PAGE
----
What is a pro cyclist FTP?

FTP is the acronym for Functional Threshold Power. In theory this is the max power that you can sustain for an hour’s riding. Once you know this number, it’s then used to set your training zones and help you gauge your riding efforts.

What is a good FTP for a cyclist?

Overton says the average newer rider with some fitness will hover in the 2.0 range, while top cyclists in the world hover around 7.0. That number won’t affect your training at all, but it’s a good way to see how you compare to other riders.

How many watts can a pro cyclist sustain?

An average pro in the Tour peloton will produce about 6.15 W/kg under the same conditions. Assuming a weight of 70 kg (a bit more than 154 lbs.), the average rider will be able to maintain a power output of 163.8 watts for the 20 minute effort while the pro will maintain 429.8 watts.

What is a good FTP for a man?

How ‘good’ is your FTP?

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World Class Pro Cat 4 and 5
Male 5.6 – 6.4 w/kg 2.4 – 3.6 w/kg
Female 5.3 – 5.6 w/kg 2.0 – 3.1 w/kg

What’s a good FTP test score?

Average recreational cyclists would be about 2.5-3.0 Watts/Kg for FTP. People who race regularly may be 3.0-3.75. You get above 3.75-4.25 and those are local elite racers. Anything over 4.25 is domestic pro and it goes up from there.

Is 200 watts good cycling?

Most pro cyclists produce about 200 to 300 watts on average during a four-hour tour stage. The recreational rider, on the other hand, might be only able to sustain this wattage during a 45-minute or hour-long spin class. … “That’s what’s great about wattage.

What was Lance Armstrong’s FTP?

Lance Armstrong said he used to be able to average 495 watts for 30-40 minutes.

Is 3.4 watts per kilo good?

This data is smoother because the peaks caused by the round numbers in reported FTP and weight smooth each other out. 48.6% of people have an FTP below 3.4W/kg. 42.1% of people have an FTP of 3.6W/kg or more. 9.3% of people have an FTP between 3.4W/kg and 3.6W/kg.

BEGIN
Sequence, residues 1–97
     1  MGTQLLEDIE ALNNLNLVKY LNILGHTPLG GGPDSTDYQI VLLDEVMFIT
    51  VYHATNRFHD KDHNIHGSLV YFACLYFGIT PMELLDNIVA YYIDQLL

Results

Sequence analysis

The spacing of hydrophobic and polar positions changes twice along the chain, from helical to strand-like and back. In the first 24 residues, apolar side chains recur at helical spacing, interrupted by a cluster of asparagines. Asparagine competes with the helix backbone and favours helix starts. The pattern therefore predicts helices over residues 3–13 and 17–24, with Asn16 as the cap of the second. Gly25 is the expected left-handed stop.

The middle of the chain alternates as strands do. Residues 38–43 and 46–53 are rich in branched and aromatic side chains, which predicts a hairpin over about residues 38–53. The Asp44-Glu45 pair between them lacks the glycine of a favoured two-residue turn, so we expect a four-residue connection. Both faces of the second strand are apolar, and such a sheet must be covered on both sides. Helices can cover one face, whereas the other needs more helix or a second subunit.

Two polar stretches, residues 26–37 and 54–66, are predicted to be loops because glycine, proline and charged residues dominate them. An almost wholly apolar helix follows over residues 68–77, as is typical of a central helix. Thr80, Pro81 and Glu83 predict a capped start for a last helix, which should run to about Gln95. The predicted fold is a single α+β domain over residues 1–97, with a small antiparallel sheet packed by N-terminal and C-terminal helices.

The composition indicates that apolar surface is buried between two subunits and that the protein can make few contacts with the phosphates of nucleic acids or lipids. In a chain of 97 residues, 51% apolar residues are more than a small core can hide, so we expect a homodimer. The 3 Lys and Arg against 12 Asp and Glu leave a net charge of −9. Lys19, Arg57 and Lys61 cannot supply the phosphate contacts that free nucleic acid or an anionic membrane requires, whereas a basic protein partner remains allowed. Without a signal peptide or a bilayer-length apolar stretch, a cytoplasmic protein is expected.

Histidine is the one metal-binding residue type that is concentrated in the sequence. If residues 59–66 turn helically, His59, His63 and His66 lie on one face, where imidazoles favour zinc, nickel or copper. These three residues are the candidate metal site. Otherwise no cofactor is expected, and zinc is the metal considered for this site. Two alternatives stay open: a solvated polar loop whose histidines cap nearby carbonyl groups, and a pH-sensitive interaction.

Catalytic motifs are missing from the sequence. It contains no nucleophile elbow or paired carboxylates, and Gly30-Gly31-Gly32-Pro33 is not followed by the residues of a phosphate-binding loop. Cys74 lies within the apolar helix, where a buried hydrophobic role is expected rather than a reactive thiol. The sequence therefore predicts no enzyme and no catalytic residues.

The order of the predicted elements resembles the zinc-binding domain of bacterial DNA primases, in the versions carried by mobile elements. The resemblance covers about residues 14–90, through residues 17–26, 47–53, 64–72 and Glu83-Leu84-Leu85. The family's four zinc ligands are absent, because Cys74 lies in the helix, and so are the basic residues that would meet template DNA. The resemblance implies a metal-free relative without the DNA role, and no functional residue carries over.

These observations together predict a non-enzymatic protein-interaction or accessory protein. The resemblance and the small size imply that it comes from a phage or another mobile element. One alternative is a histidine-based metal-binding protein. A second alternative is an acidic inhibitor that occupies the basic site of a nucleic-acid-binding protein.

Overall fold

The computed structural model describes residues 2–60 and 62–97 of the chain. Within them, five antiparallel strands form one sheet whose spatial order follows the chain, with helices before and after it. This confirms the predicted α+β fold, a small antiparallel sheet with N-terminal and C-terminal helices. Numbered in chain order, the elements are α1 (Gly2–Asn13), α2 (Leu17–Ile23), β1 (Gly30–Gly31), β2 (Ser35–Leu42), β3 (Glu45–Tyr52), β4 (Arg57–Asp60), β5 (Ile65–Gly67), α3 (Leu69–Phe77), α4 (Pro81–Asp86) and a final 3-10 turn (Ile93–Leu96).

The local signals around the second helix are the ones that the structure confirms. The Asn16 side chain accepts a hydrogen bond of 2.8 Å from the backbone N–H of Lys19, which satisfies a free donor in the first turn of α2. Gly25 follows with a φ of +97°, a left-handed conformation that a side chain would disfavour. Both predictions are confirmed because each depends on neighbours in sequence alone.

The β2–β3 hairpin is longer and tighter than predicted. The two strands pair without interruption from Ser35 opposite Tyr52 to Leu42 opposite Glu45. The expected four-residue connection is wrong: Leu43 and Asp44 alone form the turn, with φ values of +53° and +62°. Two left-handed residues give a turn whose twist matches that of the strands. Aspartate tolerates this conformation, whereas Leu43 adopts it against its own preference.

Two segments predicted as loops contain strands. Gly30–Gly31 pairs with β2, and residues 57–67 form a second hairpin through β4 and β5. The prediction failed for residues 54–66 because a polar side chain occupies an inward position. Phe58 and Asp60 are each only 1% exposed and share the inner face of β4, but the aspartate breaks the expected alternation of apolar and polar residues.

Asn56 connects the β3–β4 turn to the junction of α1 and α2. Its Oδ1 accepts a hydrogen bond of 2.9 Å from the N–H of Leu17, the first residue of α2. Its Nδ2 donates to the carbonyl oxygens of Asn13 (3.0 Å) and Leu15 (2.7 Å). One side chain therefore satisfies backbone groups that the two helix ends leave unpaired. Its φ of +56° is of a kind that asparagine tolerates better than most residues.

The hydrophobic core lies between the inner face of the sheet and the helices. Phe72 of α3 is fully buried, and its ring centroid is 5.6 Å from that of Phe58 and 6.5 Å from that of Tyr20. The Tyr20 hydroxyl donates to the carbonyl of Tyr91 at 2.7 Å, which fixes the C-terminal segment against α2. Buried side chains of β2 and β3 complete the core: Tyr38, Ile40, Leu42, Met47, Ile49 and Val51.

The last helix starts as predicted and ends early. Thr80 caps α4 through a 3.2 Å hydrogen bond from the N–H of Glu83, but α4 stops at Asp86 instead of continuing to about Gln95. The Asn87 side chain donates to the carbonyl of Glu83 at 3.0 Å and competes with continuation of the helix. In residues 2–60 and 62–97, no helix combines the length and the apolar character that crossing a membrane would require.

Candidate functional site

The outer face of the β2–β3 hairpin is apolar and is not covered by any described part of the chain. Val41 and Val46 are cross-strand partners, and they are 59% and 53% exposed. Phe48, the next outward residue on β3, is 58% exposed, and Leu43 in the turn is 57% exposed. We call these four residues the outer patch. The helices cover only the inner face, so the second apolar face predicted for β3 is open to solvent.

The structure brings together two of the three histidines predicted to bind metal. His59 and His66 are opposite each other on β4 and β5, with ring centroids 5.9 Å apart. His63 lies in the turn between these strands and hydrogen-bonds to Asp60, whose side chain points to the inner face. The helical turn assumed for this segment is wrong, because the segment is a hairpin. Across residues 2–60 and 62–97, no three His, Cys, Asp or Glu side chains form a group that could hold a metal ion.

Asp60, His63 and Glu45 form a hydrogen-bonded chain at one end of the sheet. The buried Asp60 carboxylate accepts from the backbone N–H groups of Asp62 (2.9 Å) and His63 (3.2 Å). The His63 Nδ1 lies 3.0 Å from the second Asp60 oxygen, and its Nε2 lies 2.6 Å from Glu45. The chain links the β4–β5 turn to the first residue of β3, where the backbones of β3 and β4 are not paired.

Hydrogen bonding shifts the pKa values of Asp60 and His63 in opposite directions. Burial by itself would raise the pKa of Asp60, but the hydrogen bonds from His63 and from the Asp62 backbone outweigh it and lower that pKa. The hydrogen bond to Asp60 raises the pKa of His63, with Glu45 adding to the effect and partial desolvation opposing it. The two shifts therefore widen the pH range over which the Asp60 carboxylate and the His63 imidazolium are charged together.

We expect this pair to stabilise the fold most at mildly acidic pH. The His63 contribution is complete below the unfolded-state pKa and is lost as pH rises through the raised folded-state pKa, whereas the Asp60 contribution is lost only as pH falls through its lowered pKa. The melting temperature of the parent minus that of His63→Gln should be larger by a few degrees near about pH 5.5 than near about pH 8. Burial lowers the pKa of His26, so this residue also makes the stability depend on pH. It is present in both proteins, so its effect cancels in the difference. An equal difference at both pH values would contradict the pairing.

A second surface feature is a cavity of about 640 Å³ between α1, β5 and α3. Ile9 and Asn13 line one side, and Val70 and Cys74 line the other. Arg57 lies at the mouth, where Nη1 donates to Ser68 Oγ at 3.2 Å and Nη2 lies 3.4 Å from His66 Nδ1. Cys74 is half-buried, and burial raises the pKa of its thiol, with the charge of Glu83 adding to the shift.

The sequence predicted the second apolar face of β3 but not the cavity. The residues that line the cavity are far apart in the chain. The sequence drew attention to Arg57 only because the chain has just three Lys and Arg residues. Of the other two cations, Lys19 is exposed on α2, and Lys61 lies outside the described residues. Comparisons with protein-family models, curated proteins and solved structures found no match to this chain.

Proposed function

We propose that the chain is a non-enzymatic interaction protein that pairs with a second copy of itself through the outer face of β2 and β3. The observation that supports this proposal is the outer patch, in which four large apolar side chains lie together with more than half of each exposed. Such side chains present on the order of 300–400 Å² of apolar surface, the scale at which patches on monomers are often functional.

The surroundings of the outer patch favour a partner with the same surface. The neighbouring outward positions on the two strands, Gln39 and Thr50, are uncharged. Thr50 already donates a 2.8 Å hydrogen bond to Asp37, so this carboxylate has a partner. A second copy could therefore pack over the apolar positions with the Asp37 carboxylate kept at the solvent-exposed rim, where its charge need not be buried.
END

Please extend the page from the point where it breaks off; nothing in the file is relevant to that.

Is 100 watts cycling good?

Wattage goals will vary from person to person. … Generally speaking, a beginner cyclist may average around 75–100 watts in a 1-hour workout. A fit participant will average more than 100 watts, and pro cyclists can reach 400 watts per hour.

What is a good W kg for a cyclist?

Beginners or Cat 5s range from 2.5 to 3.2 watts/kg for men and 2.1 to 2.8 watts/kg for women; Cat 3 racers typically range 3.7 to 4.4 watts/kg (men) and 3.2 to 3.8 watts/kg (women).

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Is 200 watts a good FTP?

A 200 Watt FTP is bottom 10% of cyclist!?! That sounds about right, minus 1 word- 200 is the bottom 10% of COMPETITIVE cyclists. If you’re doing structured training, or even just riding hard 4+ days per week, most people will get over 200 without much trouble.

Is 4 watts per kg good?

So it is that many club level cyclists have the goal of being able to achieve a functional threshold power (FTP) of 4W/kg. … However, 4W/kg is still better than most club level cyclists, and is literally lapping everyone on the couch. So it’s a great goal to target.

What is a good increase in FTP?

A ramp rate of 3-7 points per week is typically ideal. Sustain much less and an athlete often doesn’t have the training stimulus to improve. Sustain a higher ramp rate for a long period, and the athlete risks excessive fatigue and overtraining syndrome.

What is a good FTP for a 60 year old?

It is a guideline. 95% of 20 minute max power seems to be a good estimate of FTP. I ride with guys in their 60’s who are still improving. Of course, if you’ve been racing bikes for 40 years and training hard and smart, it does go down as you age all other things being equal.

Why is my cycling FTP so low?

Rest intervals are too easy

This is the most common problem for cyclists who are new to power-based training. Due to inexperience, their FTP is low, and it is noticed in subsequent super-tempo interval workouts.

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Is 3.5 watts per kilo good?

For example, an 80kg rider with a maximum sustainable power output of 280 watts has a power-to-weight ratio of 3.5 watts per kilo (commonly abbreviated as 3.5W/kg or 3.5W. … Power-to-weight ratio matters because it’s a great predictor of performance.

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